Despite our flaws as a nation — and there are so many, from slavery and the Trail of Tears to police brutality and separating immigrant children from their parents — I think it’s worth celebrating our founding. The founding fathers imagined a new type of government, a new type of relationship between the people and their rulers, and their vision has proven to be remarkably durable.

Their conviction led them to take democracy from a footnote in Greek history roundly critiqued by both Plato and Aristotle to a viable form of government. And I’m grateful to live in a country where I have a voice in my government and in its laws.

But despite all the above, I believe it’s worth taking a moment to remind ourselves that if we call ourselves Christians, America is not our home.

We can appreciate our nation and participate in our democracy. We can vote and protest and run for office; we should care deeply about what happens in our country. The ability to have a say in government is a privilege that I don’t believe Christians should ignore or reject, even when Christians disagree about what to say and how to say it.

Yet we must always remember that the United States is not the kingdom of God. Our government is not our savior. Our loyalty is not to country but to God. Our hope is not in a political party but in Christ.

Sometimes, our work towards and within the already-but-not-yet kingdom of God aligns with our goals and values as citizens of the United States. When we as a nation work towards justice, towards caring for the marginalized, towards helping those in need, we also work towards the kingdom of God.

But other times, our national goals and interests conflict with our loyalties to the kingdom of God. These moments can be difficult to discern, but we must be vigilant and ready to oppose policies that are unjust, cause harm, or dehumanize others.

And whether the work of the kingdom aligns with national interests or not, we must always be wary lest patriotism become idolatry. We live in the world and it is good to care for that world, to seek forms of government that lead to human flourishing. Flawed though they were, the founding fathers sought to do this when they rebelled against their British rulers.

Yet we must also be willing to hold our political institutions loosely, to remember that we can pledge only secondary allegiance to our nation.

No matter how good our government is, it is not God’s rule on earth. No matter how much we appreciate our government and our history, we must not allow that to stand in for our faith in God.

And when we have less faith in our rulers, when we see evidence that those in power seek only power and not the well-being of others, we need not be surprised. Our vantage as citizens of heaven allows — even requires — us to name and resist the evils and injustices committed by our rulers.

So as we Americans watch fireworks blossom in the sky and eat potato salad with our neighbors, let those of us who are Christians remember that we are first of all God’s people, and only secondarily Americans.

Tagged: holiday | politics

The Thing with Feathers

image via pixabay | CC0 1.0

“Hope” is the thing with feathers - 
That perches in the soul -

I have a confession: I don’t particularly like Emily Dickinson.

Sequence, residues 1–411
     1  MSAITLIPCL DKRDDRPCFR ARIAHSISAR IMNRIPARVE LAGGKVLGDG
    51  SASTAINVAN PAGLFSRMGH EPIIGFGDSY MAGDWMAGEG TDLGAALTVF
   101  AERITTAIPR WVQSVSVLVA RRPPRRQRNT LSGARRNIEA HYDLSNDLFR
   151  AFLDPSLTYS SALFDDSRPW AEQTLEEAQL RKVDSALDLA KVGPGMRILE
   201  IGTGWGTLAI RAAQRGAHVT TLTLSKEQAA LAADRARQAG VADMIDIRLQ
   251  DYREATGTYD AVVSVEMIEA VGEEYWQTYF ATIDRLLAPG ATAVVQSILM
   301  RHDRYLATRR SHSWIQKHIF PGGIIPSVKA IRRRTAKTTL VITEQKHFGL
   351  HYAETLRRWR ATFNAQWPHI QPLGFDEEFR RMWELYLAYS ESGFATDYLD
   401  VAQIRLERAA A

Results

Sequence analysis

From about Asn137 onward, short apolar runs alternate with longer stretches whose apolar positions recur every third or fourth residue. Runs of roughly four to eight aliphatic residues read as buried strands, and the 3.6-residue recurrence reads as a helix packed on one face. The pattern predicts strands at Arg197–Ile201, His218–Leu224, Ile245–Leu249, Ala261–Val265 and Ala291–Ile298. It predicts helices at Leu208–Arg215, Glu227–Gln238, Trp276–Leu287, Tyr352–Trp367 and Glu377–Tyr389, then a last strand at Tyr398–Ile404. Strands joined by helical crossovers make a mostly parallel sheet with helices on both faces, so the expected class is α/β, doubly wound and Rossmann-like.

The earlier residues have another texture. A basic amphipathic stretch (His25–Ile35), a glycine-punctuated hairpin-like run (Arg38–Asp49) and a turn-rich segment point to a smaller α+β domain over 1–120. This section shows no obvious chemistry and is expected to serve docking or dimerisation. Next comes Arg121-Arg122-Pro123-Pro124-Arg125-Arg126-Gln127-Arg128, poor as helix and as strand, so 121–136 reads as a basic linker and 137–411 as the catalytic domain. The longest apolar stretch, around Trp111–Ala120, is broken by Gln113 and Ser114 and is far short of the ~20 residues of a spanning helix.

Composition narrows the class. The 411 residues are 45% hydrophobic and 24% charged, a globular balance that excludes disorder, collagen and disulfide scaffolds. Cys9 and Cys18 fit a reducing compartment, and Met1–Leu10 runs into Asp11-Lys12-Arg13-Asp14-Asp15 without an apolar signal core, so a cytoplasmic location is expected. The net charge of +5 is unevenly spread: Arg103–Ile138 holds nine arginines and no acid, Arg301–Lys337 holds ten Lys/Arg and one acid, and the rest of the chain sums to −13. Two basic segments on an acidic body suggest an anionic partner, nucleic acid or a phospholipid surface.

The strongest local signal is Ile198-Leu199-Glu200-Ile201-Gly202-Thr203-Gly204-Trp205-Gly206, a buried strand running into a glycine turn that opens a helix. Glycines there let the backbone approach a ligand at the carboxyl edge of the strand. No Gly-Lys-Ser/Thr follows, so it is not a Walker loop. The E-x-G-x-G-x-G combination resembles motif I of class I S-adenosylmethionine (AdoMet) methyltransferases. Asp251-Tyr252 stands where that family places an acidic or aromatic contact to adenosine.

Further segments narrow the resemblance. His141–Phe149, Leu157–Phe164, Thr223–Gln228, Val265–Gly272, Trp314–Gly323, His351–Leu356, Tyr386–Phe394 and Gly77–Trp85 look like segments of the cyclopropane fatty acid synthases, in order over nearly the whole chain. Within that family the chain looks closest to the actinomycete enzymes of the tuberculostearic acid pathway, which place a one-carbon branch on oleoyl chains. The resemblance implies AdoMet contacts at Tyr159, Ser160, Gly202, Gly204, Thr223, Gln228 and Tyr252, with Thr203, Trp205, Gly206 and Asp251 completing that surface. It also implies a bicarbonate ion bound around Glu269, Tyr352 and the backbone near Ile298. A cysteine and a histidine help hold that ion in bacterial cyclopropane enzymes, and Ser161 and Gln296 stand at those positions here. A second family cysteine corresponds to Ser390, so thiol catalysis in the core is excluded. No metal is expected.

I know you’re wondering know how a real faculty in a real English department at a real university could have given me a PhD given such a personal failure. Life is full of strange surprises.

But this poem? This one about hope? These words that everyone knows? This one gets to me.

And sings the tune without the words -
And never stops - at all -

I’m a glass-half-empty type of person. I catastrophize. I imagine the worst-case scenario, hopped up on the adrenaline of anxiety far too late into the night. I wait for the other shoe to drop, for the worst to just happen already.

Is it possible that I have hope perching in my soul? Is it possible that hope sings beneath the buzz of worry and fear?

And sweetest - in the Gale - is heard -

I know the storm manufactured by anxiety. I have spent some time weathering the gales of pain and disillusionment and suffering. I don’t hear much when the storm is breaking over me. Perhaps I need to tune my ears to the quiet song of hope rather than the roar of the wind.

And sore must be the storm -
That could abash the little Bird

But if I can tune my ears to the quiet song rather than the raging storm, I might find that the song always continues. If I cannot hear it, perhaps I am not listening closely enough, carefully enough: the storm cannot end the song.

The song waits beneath the horror, beneath the pain and the suffering and the anxiety. Surely Pandora was overwhelmed by what flew out of the box, but she learned that the song of hope was there with the evils of the world all along.

We are all Pandora.

That kept so many warm -

When the storm rages, I crave soft blankets and hot drinks. I yearn for a warm body pressed against mine. A fire on the grate, the hot sun on my face: the song and the warmth twine together, amplify each other.

I’ve heard it in the chillest land -
And on the strangest Sea -
Yet - never - in Extremity,
It asked a crumb - of me.

Hope waits for us to find it, to hear it. Hope never chides us for despair, but buoys us up against the waves and the winds. Hope catches us as we begin to fall, leads us out of darkness, reminds us that it was waiting for us all along.

Hope alights in our soul, and then invites us to fly upwards with it. Hope persuades us to hear the song, not the storm. Hope warms us when all around us is damp and dark and cold.

Some days, hope is hard to find. Its song is quiet. It lies buried under fear and anxiety, under evils both all-too-real and only imagined. But it is not gone. It waits for us to find it, it waits to warm our souls, it waits to remind us that life and happiness and goodness exist beyond the storm.

We need only listen for hope’s rustling feathers and quiet song.

Tagged: literature | personal